Whether any of this is going to turn out to be accurate, I can’t say.
But it’s sounding good so far.
Given that this is one category on this website that specialises in telling the truth, it would seem that we can talk about a 9-3 Sport Sedan utilising an AWD system with a high level of confidence.
So, let’s talk about an AWD system. If Saab’s going to use one, they’re likely to do what a bunch of other OEM’s do and outsource the technology. If you’re thinking AWD and you’re thinking Sweden, the first place to start (and maybe the place to stop) is Haldex.
The first thing I found after a little digging around Haldex’s web pages was an image of the badge above. It’s a little freebie you can get if you write to them and I’d suggest that when they replenish their stocks it might be priority 1 for prospective new Saab owners that want to bling up their MY08 9-3.
A little more digging offered up some other gems. But first, a little look back at something I discovered a few months ago:
The new MY2008 9-3 will be using a ‘proactive’ electronic stability control system. In an understeer situation the current reactive ESP system applies the brakes to the inside rear wheel. This creates an opposing force to help bring the car onto the required course. The “proactive” system that we’ll see in the new 9-3 will actually increase the power to the other 3 wheels to create the same opposing forces.
This was some pretty solid, Djup Strupe grade information and gave a pretty solid pointer toward the fact that the next 9-3 would be AWD.
And looking around Haldex’s pages, I found the following written about a new system that they’ve got under development. Bear in mind that the info appears to be over a year old, so we’re talking final stages, or product-ready by now.
First there’s this:
Development continues of the fourth-generation of AWD systems, and the system is being tested in cooperation with two major customers. Launch is slated for 2007. The new generation includes technical improvements and will also be less expensive than previous ones. Deliveries of a new variant of the third-generation system to Land Rover began in 2006.
The introduction of our cross-wheel drive product, XWD, a type of electronically controlled differential in the back axle…..
New system, less expensive, an electronically controlled diff in the rear axle. Sounds OK. There’s a little more about the system on their Traction Systems website:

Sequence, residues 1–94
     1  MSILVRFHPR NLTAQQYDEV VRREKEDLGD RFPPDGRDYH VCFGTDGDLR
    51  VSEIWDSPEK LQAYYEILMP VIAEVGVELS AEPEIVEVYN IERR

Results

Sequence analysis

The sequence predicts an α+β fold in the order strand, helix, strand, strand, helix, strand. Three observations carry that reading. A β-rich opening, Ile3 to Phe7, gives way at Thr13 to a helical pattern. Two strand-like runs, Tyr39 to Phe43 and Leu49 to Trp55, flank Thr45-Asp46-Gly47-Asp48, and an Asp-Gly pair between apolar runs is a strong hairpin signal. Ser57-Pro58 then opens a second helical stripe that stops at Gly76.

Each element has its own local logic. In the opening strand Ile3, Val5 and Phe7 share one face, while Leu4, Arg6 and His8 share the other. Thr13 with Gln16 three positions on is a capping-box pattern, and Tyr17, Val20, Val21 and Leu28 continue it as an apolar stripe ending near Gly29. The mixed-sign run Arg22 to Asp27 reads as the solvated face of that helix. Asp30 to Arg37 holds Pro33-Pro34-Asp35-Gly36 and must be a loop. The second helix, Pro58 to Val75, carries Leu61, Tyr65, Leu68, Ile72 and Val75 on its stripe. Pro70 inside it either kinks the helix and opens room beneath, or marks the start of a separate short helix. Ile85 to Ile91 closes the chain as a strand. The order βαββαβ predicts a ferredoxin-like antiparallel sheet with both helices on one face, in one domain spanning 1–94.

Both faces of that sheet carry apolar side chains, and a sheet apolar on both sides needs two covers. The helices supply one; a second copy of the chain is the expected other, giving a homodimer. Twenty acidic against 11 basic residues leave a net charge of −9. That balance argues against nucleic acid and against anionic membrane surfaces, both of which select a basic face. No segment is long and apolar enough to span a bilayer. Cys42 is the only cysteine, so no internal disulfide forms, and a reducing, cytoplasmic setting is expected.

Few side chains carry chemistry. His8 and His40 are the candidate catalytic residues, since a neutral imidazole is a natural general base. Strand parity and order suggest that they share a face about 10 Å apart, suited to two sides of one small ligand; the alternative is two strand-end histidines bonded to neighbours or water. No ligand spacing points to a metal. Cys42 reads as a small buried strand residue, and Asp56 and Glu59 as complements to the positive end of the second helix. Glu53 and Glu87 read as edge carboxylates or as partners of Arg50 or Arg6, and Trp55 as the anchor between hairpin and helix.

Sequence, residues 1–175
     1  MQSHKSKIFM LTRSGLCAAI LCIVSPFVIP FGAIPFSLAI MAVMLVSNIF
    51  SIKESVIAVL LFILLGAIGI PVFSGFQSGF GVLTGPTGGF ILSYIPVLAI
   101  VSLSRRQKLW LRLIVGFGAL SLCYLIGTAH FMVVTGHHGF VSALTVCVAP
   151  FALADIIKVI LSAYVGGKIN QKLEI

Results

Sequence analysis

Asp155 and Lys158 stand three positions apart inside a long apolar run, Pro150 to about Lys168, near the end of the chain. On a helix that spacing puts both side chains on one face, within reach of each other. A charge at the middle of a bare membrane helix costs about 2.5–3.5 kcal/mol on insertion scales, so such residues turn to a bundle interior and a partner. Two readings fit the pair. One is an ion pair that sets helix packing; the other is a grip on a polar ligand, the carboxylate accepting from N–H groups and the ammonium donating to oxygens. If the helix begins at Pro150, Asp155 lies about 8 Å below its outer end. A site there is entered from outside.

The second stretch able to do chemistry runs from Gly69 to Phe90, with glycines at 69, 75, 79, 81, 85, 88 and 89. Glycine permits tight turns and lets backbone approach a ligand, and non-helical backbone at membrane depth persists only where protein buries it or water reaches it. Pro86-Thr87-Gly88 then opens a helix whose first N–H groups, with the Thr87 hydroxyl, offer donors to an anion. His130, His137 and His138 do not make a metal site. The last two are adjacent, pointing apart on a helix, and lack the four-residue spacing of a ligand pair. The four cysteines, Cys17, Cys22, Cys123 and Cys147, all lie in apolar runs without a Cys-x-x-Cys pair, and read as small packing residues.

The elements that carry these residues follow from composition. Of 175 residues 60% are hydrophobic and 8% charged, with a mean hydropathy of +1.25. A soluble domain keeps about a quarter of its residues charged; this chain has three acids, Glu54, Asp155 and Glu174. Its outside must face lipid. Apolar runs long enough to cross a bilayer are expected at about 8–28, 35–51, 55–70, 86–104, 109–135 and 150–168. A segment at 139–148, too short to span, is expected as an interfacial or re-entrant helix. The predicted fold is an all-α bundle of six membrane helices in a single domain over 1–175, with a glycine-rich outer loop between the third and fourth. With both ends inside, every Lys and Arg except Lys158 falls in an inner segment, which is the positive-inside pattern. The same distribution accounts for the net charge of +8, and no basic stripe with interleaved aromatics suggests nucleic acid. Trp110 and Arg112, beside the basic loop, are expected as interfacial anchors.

The 4th generation of Haldex LSC, in conjunction with the Haldex eLSD add-on, offers a true platform solution to the OEMs. Through its modular nature and integrated controls it allows for customized system features and torque management performance…..
Torque management is basically what the Djup Strupe info was talking about. The ability to use torque in conjunction with stability control systems etc to provide a proactive rather than reactive system.
The full press release on this system-under-development appears in the News Archive section of the website linked immediately above. The following are a few more snippets from that release….
Press Release October 26, 2005
Haldex has been awarded a 1,200 MSEK contract for a global All-Wheel Drive platform.
Haldex has been selected by a leading Tier One supplier to provide the latest generation of its proprietary Haldex AWD system consisting of Haldex Limited Slip Coupling /Haldex LSC) and Haldex electronic Limited Slip Differential (Haldex eLSD) for a major global mid-size vehicle platform.
So, we’ve got a Haldex product being developed for a Tier One company, specifically being developed for a mid-sized platform vehicle.
Know any large companies developing a mid-size vehicle?
And how about this?
The first vehicle models featuring the systems are scheduled to debut in 2008.
It all fits pretty neatly, huh?
As mentioned at the start of this article, I can’t say for sure if this is the system that we’ll see on the next 9-3 range, but when it walks like a duck and quacks like a duck…..